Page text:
Baldur Bjarnason’s article “Which Kind of Innovation?” gave a lot of credit to ebooks, in my opinion. But I think he was on the right track when he said that ebooks weren’t disruptive innovations. The problem I find within the publishing industry is that they need to be disruptive to the entirety of the industry if they want to get adopted with any sort of staying power.
Print books have been improved upon for more than 500 years. So in a way, it makes sense for ebooks to be modelled after the print formula. However, how can ebooks compete with paperback books—physical takeaways—when their prices differ by only $0.00 to $5.00? Ebooks must offer something more substantial and satisfying than print books if the industry wants to have them adopted by a wide audience. It is almost comical when Bjarnason comments, “Amazon’s Kindle format remains for all intents and purposes a 1990s technology.” In reality, ebooks are a digital facsimile of a book, for the most part. They are laid out similarly and I would argue that the Kindle format is a 1500s technology. But Bjarnason seems to be on to that as well as he says “[Fixed layout ebooks] contain… no innovative features to speak of, they are merely an accumulation of complex print-like cruft to aid the transition of illustrated or designed print books into digital.”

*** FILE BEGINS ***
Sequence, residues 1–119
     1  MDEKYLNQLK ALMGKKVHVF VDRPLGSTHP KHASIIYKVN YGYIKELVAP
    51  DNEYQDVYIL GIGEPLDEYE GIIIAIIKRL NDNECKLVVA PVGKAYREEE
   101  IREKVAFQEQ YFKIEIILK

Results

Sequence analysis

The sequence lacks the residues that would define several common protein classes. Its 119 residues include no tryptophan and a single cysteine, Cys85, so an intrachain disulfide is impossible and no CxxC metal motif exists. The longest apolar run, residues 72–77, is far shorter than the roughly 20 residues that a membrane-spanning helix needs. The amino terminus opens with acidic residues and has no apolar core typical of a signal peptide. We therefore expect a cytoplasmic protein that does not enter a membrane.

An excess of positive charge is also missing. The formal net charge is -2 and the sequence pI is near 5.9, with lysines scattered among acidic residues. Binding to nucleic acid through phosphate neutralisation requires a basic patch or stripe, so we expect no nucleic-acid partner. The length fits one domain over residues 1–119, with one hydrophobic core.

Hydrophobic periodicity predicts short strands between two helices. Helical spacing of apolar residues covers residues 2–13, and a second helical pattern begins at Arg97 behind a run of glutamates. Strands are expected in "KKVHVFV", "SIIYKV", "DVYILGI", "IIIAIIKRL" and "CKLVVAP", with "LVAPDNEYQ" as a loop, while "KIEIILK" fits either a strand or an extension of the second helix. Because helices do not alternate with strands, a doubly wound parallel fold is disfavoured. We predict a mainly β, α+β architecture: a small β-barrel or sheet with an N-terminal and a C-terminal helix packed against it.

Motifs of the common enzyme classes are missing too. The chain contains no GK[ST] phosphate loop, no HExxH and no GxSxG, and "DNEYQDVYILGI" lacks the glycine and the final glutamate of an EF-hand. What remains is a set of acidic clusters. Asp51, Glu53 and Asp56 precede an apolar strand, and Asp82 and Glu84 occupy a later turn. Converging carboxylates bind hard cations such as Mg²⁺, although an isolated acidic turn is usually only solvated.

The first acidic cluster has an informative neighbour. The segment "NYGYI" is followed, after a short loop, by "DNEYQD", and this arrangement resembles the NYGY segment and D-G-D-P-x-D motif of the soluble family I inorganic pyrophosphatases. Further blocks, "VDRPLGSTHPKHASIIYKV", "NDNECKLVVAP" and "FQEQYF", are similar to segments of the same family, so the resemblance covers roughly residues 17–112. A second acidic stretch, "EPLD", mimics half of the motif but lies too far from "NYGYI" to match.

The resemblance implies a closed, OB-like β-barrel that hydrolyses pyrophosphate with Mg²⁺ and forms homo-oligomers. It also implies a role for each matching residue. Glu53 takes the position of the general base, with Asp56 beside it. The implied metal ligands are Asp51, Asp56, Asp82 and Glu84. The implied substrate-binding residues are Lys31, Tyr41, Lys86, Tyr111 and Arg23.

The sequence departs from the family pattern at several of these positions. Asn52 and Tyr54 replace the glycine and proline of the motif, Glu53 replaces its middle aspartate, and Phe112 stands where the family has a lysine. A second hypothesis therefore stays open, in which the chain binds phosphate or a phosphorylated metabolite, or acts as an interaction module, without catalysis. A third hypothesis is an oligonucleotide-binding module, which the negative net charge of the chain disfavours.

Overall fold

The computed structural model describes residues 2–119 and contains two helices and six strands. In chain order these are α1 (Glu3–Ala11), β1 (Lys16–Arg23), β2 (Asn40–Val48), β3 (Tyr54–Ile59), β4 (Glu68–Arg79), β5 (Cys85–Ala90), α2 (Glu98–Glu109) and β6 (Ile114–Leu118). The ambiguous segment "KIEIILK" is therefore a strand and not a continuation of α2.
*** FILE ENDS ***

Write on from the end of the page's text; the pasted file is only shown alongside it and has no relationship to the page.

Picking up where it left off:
Projects such as The Pickle Index, where there is a web 2.0 storytelling integration that occurs simultaneously in story-time and in real-time over ten days, “revealing the narrative through the various features of the app: popular vinegar-based recipes, daily news updates, dynamic maps, and Q&A” is a much more interesting way to grab readers to have them read digitally. In fact, it is as this point that I would actually refer to digital reading as an “innovation.” When Bjarnason calls ebooks a “sustaining innovation,” as in the idea that they sustain what already exists in the publishing world, I think he is using an oxymoron. If they are sustaining a status quo, they are not creating innovation at all.
I think a major switch in the thinking around creating ebooks needs to be changed. They cannot just be an afterthought, a digital book. There has to be something altogether different about them, a reason for people to choose them over print books. But when prices are comparable, there is no physical takeaway, and print books are better designed than ebooks, there is no real point to adopt them.